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May 2012 (135 posts)
Watching your kid's first steps is an emotional, exciting, nothing-like-it experience. But imagine you're a marine, and have been deployed in Afghanistan for seven months. And imagine further, if you will, that your son has cerebral palsy and you have been told he would never walk. This video of a marine's reunion with his son is beyond moving. The grinning kid's determined walk, the big bear hug, the happy little clump of kids as the whole family swarms around Daddy. Hello, hanky.
I find myself chewing over the story between the lines here, thinking about Michael's mother. According to the Jacksonville Daily News, she and her FOUR OTHER CHILDREN all helped Michael learn to walk, and kept it a secret until their father's homecoming. Talk about unsung heroes: This family seems to be full of them.
Women in the Armed Forces
A Military Mom Never Forgets
Hey there, Friday! It's always so good to see you. Here are a few more things we're glad about...
Who's cooler? The dad who agreed to this dance routine or the daughter who wanted to perform it in front of all her friends? (Via Today Show)
Okay, I admit, the first time these girls were roller-coaster-shrieking across my path I suffered a fit of motherly indignation. What if they ran into someone? What if the chair rolled into the street? Didn't they have homework to do? Then a particularly raucous trill of laughter refocused my attention: these kids were having fun. Serious fun. For hours -- and they really seem to do this every day -- and with nothing more than an old office chair. It doesn't have Justin Bieber's face on it (I don't know, is that even what girls that age like?). It doesn't have any buttons or screens. It barely has wheels. But these girls make it so fun I sometimes wish I could hop on for a crazy, wobbly, stare-inducing, super-fun ride myself.
What's boring you? Making dinner? Paying bills? Waiting in line at the grocery store? Could a slight change in perspective make these things less like desk chairs, and more like roller coasters?
Find Your Own Fun
The Best Cardboard Arcade Ever
This doesn't just make us feel tired and distracted--the researchers have found that living against your body clock can also make you gain weight. In a recent paper in Current Biology, Roenneberg estimates that for every hour of social jet lag, the risk of being overweight or obese rises about 33 percent, NPR reports.
Roenneberg's (rather unhelpful) advice is to pay attention to your body clock and get as much sleep as you need. But it's just not practical for most of us to get back on the sun's schedule--even modern farmers probably stay up past dusk to check email, Skype with Mom and watch HBO. We all know that sleeping differently on the weekends than you do during the week does you no favors. The fact that it makes social jet lag worse is one more reason to avoid staying up late on Saturday nights and snoozing on Sundays. By making it a priority to keep a consistent sleep schedule, at least then you'll only be juggling two clocks instead of three.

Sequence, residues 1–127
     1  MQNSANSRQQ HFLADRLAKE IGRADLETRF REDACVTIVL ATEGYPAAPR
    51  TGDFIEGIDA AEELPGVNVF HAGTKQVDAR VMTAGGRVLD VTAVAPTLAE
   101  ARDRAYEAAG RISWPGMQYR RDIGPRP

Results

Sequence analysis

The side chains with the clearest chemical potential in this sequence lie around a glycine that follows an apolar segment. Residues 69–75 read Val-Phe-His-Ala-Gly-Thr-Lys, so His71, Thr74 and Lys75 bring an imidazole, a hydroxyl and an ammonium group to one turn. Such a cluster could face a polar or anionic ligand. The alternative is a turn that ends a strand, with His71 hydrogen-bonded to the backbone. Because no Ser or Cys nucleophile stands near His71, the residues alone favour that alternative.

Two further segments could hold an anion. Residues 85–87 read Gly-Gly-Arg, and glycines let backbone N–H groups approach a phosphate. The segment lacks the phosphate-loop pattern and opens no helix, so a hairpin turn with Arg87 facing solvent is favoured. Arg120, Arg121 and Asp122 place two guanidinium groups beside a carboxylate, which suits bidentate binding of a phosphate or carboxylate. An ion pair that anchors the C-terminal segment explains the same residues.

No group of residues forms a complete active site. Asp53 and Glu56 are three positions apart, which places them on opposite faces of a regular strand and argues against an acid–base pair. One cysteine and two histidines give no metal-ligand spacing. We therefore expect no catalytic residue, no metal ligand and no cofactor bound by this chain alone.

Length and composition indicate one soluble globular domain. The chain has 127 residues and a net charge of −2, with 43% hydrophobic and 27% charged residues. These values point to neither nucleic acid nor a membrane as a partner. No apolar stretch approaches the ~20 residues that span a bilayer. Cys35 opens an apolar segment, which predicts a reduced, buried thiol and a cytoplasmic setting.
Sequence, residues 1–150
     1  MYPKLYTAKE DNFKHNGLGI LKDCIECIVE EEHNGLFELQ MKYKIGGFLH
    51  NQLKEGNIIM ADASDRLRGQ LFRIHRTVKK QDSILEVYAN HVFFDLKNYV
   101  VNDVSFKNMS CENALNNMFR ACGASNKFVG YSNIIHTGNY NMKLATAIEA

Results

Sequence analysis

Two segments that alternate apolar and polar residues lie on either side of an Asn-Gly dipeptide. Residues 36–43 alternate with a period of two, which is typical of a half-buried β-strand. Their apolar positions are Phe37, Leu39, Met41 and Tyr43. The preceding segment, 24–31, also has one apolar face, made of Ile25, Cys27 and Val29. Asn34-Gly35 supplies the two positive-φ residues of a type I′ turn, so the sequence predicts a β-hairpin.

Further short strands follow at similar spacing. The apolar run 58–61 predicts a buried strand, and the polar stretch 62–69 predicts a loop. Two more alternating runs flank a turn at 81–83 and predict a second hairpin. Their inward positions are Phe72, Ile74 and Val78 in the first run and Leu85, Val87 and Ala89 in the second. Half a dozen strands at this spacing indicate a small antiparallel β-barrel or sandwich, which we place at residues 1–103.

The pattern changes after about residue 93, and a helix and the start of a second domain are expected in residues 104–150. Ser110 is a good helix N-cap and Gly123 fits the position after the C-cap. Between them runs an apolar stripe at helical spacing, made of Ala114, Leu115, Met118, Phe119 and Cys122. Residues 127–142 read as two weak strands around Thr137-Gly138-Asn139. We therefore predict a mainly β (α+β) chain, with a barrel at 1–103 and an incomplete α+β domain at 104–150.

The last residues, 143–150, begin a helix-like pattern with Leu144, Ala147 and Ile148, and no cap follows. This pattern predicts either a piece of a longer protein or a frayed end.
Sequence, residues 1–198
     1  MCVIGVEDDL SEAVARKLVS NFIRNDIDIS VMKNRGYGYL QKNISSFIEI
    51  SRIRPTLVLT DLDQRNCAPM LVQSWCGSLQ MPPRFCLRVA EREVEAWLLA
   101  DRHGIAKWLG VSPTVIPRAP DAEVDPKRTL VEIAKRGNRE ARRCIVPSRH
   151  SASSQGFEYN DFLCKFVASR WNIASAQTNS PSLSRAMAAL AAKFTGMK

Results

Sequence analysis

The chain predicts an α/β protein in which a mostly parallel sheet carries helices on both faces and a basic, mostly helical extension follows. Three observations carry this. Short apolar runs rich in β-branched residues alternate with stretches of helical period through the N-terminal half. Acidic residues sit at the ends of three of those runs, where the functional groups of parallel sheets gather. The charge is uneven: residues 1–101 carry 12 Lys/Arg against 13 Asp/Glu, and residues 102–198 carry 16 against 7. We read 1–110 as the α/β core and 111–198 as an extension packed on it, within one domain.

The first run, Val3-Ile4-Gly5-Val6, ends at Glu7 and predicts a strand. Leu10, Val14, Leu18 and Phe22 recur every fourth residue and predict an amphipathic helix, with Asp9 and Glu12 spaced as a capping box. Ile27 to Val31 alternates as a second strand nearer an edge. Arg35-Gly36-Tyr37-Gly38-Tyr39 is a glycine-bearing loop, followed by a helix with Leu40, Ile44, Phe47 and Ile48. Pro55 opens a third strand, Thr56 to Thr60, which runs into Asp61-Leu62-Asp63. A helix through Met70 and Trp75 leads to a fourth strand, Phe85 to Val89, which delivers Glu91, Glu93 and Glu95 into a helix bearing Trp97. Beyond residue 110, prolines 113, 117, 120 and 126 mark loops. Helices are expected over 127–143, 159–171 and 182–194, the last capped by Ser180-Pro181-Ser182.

14 ways to get a good night's sleep
Men! What are they thinking? We can't always answer that, but we'll be posting our favorite glimpses into their world in this space every Thursday.
* Who can say no to a little eye candy? Vogue has some delicious pictures of America's top male Olympic athletes. (Vogue)
* Jim Henson passed away 22 years ago yesterday. His friends the Muppets created this tribute to the man and his imagination. (YouTube)
* "I've been told specifically that I will be able to punch Justin Bieber in the face."—Drew Magary spends a wild (and very funny) night with the newly 18-year-old pop star. (GQ)
A Ketchup with No Mystery Ingredients
Using vine-ripened pear tomato puree instead of tomato concentrate is just one of the tweaks that makes Sir Kensington's Gourmet Scooping Ketchup taste less sweet and more, well, tomato-y. Other upgrades that set this ketchup apart: agave nectar, honey and raw brown sugar instead of high fructose corn syrup; apple cider vinegar instead of white vinegar; and coriander, lime juice and allspice instead of salt and onion powder.
On worthiness: "Because the mighty and the strong don’t hold women in high regard, we feel that we’re not worthy of being held in high regard. So we miss one of the greatest steps a woman can take, which is the chance to be on her own side; to be her own health advocate. You really have to believe you’re worthy. That is the first step."
On fear. "So many of women don’t trust authority. They’re afraid of the mammogram machine. They’re afraid of the Pap smear. But those of us who know must show! Really, it is imperative that we not stop talking. We must not become impatient. And we must not think that we can lecture women into thinking better of themselves and their health. What we do is we love them. A person knows when somebody really cares."
On colds. "I think quite often the mind can heal the body. In fact, if
I’m traveling and in a hotel, and I wake up with a little scratch on my throat,
I get up and begin to shout, “Get out of my body! I don’t need you! Get out!
Get out of my body! Now, now!” Later, I go outside and the maids will
be in the lobby and they look around like, “Who tried to get into that woman’s body?”
It’s funny, of course. But you have to give your body permission to heal itself.